September 21, 2005

Discovering Danny Elfman

Print More

One of the most overlooked elements of cinema is always its musical score, yet it is often what makes a film most memorable. Who could imagine Star Wars without its booming march, or the equally imposing theme to Raiders of the Lost Ark, or Jaws without the pensive and terrifying warning of impending danger? However all of the aforementioned scores are by one man, John Williams, who has often dominated the market of composing film scores for the past 20 years. This has often overshadowed the equally talented composer, Danny Elfman who is most recently responsible for the score of The Corpse Bride by director Tim Burton. While listening to the soundtrack to this film which arrived recently at the Sun offices, I started to wonder who exactly was the person who developed the dark but effective music that I was hearing. After a little research, I was incredibly surprised by the talented and diverse career of Danny Elfman.

Elfman’s work is often based on using dissonant tones and minor keys, a very sharp contrast to the ostentatious grandiosity of John Williams. Elfman’s talent is quite similar to the style of film composer Bernard Herrman, who created the themes to many Hitchcock films like North by Northwest, Psycho and, most impressive of all, Vertigo.

In fact most of Elfman’s most impressive work has come out of collaborations between himself and Burton. After working with his rock band Oingo Boingo for several years and composing scores for his brother’s early films, Elfman was recruited by Burton to compose the theme to Pee-wee’s Big Adventure. Throughout the 80s Elfman continued to write scores for the Pee-wee series and additional films.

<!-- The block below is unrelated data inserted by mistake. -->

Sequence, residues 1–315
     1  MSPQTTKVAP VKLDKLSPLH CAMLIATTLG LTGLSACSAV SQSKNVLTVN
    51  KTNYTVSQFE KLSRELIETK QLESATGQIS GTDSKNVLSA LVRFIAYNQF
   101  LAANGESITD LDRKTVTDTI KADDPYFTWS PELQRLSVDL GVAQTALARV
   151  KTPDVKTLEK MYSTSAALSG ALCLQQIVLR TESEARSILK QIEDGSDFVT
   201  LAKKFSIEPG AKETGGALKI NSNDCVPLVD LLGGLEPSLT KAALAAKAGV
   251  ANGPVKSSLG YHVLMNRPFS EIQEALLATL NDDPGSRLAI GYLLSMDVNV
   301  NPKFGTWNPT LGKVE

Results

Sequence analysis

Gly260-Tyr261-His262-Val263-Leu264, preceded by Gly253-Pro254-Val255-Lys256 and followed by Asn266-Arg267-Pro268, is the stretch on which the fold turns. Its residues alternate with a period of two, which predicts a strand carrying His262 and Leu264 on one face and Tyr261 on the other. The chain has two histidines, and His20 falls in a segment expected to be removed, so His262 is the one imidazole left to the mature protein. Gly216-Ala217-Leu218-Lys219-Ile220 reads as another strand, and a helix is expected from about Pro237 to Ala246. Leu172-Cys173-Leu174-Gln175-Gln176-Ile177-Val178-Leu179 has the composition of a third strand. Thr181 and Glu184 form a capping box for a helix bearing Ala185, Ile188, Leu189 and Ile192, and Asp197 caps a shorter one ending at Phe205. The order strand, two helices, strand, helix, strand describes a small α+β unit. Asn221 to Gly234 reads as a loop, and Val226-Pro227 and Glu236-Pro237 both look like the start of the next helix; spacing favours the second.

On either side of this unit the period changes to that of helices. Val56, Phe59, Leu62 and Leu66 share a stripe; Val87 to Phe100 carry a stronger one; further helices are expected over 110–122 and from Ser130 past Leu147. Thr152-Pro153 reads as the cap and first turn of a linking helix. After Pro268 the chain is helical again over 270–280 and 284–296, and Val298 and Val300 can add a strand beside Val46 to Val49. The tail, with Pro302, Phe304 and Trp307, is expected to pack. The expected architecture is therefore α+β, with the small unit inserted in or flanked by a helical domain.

In 1989, Elfman collaborated again with Burton to produce probably his most memorable score: Batman. The dark score brings to mind the imposing works of Richard Wagner’s Ring series of operas. It was the perfect compliment to Burton’s dark and monumental revision of the Batman comic book series. The Batman score was used again for the film’s sequel and television series. After that, Elfman has composed the score of almost every Burton film including Beetlejuice, Edward Scissorhands, The Nightmare Before Christmas, Mars Attacks, Sleepy Hollow, Planet of the Apes and Big Fish. Elfman also composed the entertaining score for Burton’s summer hit, Charlie and the Chocolate Factory including the opening credits and all of the Oompa Loompa songs. Elfman even provided the voices for most of the Oompa Loompas.

However Elfman’s scores do not solely appear in Burton films. He also composed the music for Scrooged, Men In Black and Good Will Hunting. Elfman also provided music for Chicago, although the original songs are from the Broadway musical.

Continuing in the Batman tradition, Elfman has often lent his talent to movies based on comic books including the film versions of Dick Tracy, Spider-Man and The Hulk. All of these scores usually have a very similar dissonant, but strong tone to the Batman theme.

Elfman’s music can also be heard on television. He created the recognizable scores for The Simpsons and the most recent hit Desperate Housewives.

Elfman continues to lend his talent to the movies and is slated to write the scores for the upcoming films Charlotte’s Web and Spider-Man 3.

Archived article by Mark Rice
Film Editor